There’s a new version of daratumumab, which is noted as a footnote in the guidelines.1 Daratumumab and hyaluronidase-fihj Darzalex Faspro] are now available as a subcutaneous injection.
The guidelines identify bortezomib [plus] lenalidomide [Revlimid] as the preferred regimen. That also includes the bortezomib/cyclophosphamide–based regimen. Other regimens include carfilzomib/lenalidomide/dexamethasone. The guidelines also discuss the ixazomib [Ninlaro]/lenalidomide/dexamethasone regimen, although a press release [stated that] this trial did not meet the primary end point. However, I think that numerical values were different in this regimen. They also touch on other useful circumstances in other regimens, including a chemotherapy approach with patients who have more of a plasma-cell leukemia.
When was the subcutaneous dose approved?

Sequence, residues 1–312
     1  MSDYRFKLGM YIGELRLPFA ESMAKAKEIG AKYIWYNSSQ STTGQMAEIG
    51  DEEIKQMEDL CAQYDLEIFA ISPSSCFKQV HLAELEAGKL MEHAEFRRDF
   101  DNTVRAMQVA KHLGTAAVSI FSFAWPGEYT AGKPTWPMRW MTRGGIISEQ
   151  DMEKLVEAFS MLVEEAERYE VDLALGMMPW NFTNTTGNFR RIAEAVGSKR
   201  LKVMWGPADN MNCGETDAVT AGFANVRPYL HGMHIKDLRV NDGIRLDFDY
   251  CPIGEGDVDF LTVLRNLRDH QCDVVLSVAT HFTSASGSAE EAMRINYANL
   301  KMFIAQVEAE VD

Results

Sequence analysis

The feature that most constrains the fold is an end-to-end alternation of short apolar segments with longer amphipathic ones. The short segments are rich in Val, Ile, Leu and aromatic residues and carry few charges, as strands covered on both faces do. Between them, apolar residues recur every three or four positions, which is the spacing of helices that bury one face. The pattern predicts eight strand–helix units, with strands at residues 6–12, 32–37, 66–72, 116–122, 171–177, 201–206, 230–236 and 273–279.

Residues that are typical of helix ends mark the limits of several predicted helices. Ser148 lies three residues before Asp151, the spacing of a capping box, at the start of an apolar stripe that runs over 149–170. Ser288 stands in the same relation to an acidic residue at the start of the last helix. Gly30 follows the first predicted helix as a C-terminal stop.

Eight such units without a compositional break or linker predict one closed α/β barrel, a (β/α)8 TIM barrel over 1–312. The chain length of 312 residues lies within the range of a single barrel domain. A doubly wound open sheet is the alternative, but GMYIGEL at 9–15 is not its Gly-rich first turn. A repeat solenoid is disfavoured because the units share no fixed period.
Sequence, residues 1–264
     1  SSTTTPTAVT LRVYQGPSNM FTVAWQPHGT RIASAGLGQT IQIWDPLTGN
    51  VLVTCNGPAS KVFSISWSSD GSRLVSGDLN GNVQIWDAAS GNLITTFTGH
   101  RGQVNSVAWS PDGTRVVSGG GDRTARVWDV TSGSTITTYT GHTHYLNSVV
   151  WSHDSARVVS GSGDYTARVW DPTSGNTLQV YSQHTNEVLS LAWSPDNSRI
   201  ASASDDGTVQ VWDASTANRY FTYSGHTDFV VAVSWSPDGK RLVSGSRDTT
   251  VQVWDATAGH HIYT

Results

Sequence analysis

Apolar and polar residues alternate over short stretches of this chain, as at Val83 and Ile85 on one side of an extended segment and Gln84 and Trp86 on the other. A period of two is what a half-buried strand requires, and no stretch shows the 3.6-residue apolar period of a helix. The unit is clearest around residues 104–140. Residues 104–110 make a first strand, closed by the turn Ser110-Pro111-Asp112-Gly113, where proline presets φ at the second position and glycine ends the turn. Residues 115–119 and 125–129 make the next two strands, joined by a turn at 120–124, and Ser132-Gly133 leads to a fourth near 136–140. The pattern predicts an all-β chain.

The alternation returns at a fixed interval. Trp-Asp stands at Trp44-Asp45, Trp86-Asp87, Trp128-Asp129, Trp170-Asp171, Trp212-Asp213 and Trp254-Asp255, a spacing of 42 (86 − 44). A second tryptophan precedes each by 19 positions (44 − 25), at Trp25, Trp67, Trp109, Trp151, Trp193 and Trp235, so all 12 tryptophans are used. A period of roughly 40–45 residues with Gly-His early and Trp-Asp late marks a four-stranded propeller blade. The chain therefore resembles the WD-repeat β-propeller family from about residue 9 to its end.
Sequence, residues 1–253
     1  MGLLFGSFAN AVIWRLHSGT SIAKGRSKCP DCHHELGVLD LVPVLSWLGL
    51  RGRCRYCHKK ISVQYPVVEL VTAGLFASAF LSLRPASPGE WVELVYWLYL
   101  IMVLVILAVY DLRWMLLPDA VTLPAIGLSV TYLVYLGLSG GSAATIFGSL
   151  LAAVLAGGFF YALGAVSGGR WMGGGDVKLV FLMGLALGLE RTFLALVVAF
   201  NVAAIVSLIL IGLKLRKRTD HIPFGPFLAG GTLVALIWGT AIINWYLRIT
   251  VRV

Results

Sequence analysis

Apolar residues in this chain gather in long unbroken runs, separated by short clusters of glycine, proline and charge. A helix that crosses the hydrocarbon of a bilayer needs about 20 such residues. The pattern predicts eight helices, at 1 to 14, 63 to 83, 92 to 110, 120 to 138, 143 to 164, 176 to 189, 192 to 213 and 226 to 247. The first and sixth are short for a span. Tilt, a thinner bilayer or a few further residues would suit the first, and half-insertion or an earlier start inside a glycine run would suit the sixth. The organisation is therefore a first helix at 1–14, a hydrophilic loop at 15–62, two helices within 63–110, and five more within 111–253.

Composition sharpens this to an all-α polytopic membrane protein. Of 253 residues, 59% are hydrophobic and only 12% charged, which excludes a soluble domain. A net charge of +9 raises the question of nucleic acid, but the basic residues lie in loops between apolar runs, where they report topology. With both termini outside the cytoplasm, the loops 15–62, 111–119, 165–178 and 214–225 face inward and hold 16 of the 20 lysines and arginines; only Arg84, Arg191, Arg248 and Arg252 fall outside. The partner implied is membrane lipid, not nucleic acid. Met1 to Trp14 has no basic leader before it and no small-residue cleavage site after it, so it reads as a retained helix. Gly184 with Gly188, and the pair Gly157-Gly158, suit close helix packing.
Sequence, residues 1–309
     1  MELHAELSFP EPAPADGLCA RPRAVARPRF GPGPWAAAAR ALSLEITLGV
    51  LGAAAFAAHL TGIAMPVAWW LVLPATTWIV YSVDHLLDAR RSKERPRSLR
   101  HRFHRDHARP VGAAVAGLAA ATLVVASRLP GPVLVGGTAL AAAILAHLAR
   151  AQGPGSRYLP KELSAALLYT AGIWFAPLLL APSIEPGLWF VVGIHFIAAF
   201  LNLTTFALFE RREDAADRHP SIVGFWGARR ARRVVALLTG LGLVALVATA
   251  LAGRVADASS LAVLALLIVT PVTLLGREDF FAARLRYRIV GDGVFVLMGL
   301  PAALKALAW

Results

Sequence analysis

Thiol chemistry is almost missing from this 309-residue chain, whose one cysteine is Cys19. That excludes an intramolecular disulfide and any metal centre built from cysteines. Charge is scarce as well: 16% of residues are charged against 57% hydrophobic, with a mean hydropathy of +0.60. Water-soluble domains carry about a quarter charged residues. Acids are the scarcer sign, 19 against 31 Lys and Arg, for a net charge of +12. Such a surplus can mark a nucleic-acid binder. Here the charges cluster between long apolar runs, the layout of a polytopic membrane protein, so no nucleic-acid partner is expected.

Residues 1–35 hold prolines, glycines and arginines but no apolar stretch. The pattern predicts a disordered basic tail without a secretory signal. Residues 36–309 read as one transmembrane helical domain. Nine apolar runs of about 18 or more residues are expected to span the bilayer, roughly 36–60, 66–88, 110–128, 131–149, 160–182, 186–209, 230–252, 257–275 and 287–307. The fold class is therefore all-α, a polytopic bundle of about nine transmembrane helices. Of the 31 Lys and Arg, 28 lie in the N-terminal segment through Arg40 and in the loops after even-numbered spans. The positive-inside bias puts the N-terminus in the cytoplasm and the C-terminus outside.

The FDA approved the subcutaneous form in May 2020 and listed the indications that the intravenous [IV] version was approved for.2
These indications included in combination with bortezomib, melphalan, and prednisone in patients with new diagnoses who are ineligible for autologous stem cell transplant [ASCT]; in combination with lenalidomide and dexamethasone in patients with new diagnoses who are ineligible for ASCT and in patients with relapsed/refractory multiple myeloma who have received at least 1 prior therapy; in combination with bortezomib and dexamethasone in patients who have received at least 1 prior therapy; and as monotherapy in patients who have received at least 3 prior lines of therapy, including a PI and an immunomodulatory agent or who are double refractory to a PI and an immunomodulatory agent.